Letter of Hungarian NGOs on Media Legislation to Mr. Thorbjørn Jagland, Secretary General, Council of Europe

Mr. Thorbjørn Jagland        

Secretary General
Council of Europe


4 February 2013, Budapest


Esteemed Council of Europe,

Dear Secretary General,


Hungarian NGOs for protection of human rights, freedom of speech and freedom of press express their concern about the prospects of the Hungarian media regulation. The agreement between the Council of Europe and the Hungarian government can be considered only as the first step in the process of solving the structural problems in the Hungarian media regulation. In order to achieve media freedom in Hungary further national and international efforts are needed.

The Hungarian media legislation was criticized by many international organizations. A long list of organisations, from the OSCE through the European Commission and the European Parliament to the United Nations, and from the international journalist organizations through the Freedom House to the Norwegian Helsinki Committee, expressed their concerns about the lack of independence of the media authority and public service broadcasting and the too narrow professional scope.

The most accurate criticism and the most elaborated proposals were formulated by the Council of Europe.

Since the adoption of the media laws in 2010, there haven’t been any changes reinforcing the media freedom in the provisions on the Media Council and the public service broadcasting or on the frequency tenders. It is still the politically homogeneous media authority, which decides in impenetrable and opaque tendering procedures on entries into the media market. The public service broadcasting continues to be in the hands of an extremely centralized institutional system, which takes the real operational decisions without any public control. The hazard, which is resulted in by this situation, is far from of theoretical nature. The biased tendering practices and the biased information of the public service broadcasting reaching a wide audience distort the media market. This can be only partially offset by the internet and the print media.

According to the resolution of the experts of the Council of Europe “there are aspects of the appointments procedure for the members and Chair of the Media Council which are not transparent and do not go far enough to preserve independence, as required by Council of Europe Recommendations.” The expert evaluation states that under the current regulatory and political conditions “the Media Council will be under the control of the current political majority”. With regard to this the expert evaluation contains among others the following recommendations: “the procedure for the election of the members of the Media Council and its chairperson should be changed in order to effectively guarantee that they will not be vulnerable to political influence. The objective should be to reinforce independence.” Moreover, the president of the Media Council’s „appointment procedure should be changed in order to effectively guarantee the application of criteria of professionalism and to safeguard his independence”.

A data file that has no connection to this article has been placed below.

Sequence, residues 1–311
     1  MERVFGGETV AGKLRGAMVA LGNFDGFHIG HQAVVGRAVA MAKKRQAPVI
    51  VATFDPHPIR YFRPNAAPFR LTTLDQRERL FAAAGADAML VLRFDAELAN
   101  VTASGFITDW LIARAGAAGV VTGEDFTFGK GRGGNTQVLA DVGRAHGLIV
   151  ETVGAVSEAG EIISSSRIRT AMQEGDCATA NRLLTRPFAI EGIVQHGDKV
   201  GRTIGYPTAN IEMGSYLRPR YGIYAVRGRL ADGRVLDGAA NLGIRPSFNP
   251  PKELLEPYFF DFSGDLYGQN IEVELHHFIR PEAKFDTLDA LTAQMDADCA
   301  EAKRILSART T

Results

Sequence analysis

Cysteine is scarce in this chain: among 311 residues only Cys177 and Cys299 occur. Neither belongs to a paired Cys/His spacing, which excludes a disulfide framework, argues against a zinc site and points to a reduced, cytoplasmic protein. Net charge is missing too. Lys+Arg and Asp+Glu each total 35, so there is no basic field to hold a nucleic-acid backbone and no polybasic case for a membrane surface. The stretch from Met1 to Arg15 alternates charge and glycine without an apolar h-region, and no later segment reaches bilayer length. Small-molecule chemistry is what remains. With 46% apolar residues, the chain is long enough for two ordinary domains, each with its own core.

With regard to these demands the agreement between the Council of Europe and the Hungarian government didn’t dispel any anxiety or concern. The agreement contains such formal guarantees only for the distant future, which cannot obviously solve the structural problems. This agreement doesn’t affect the nomination and appointment of the members of the Media Council, and its impact on the appointment of the president of the Media Council is also rather uncertain. The abolishment of the possibility to re-elect the president means that the current nine-year term of the president will allow changes in the operation of the body being “under the control of the current political majority” in 2019 at the earliest time. Legislating new provisions on additional professional criteria of the appointment of the president will be a remote guarantee only of an autonomous operation of the Media Council in the future. However, these new provisions will not constitute any perceived limit for the political decision-making actors involved in the nomination and appointment process alike for example the appointment of the members of the Constitutional Court, the process of which was also made similarly more difficult but the experienced result is unsatisfactory.  

The agreement between the Council of Europe and the Hungarian government concerns a limited area only of the structural problems of the media regulation, and what is more, these changes will not result in substantive changes, which can prevent immediately any further distortions in the public sphere. Moreover, the agreement is not in full accordance with the former recommendations of the Council of Europe.

We ask the Council of Europe to continue to evaluate the Hungarian media regulation on the basis of its own previous analysis and recommendations as well as to take further steps to solve the long-term structural problems of the media system. We also ask you to check whether the Hungarian government amends the media laws in accordance with the agreement it concluded with you and to report about these amendments to the European public. If the promised amendments are not done adequately, the Council of Europe shall put the issue back on its agenda.

We continue to be ready to evaluate professional materials, to brief and inform experts of the Council of Europe.


On behalf of the signatories,

Sincerely yours,


Gábor Polyák

Mérték Media Monitor

István Hegedűs, Hungarian Europe Society

László Majtényi, Eötvös Károly Public Policy Institute

Sándor Orbán , South East European Network for Professionalization of Media

Gábor Attila Tóth, Hungarian Civil Liberties Union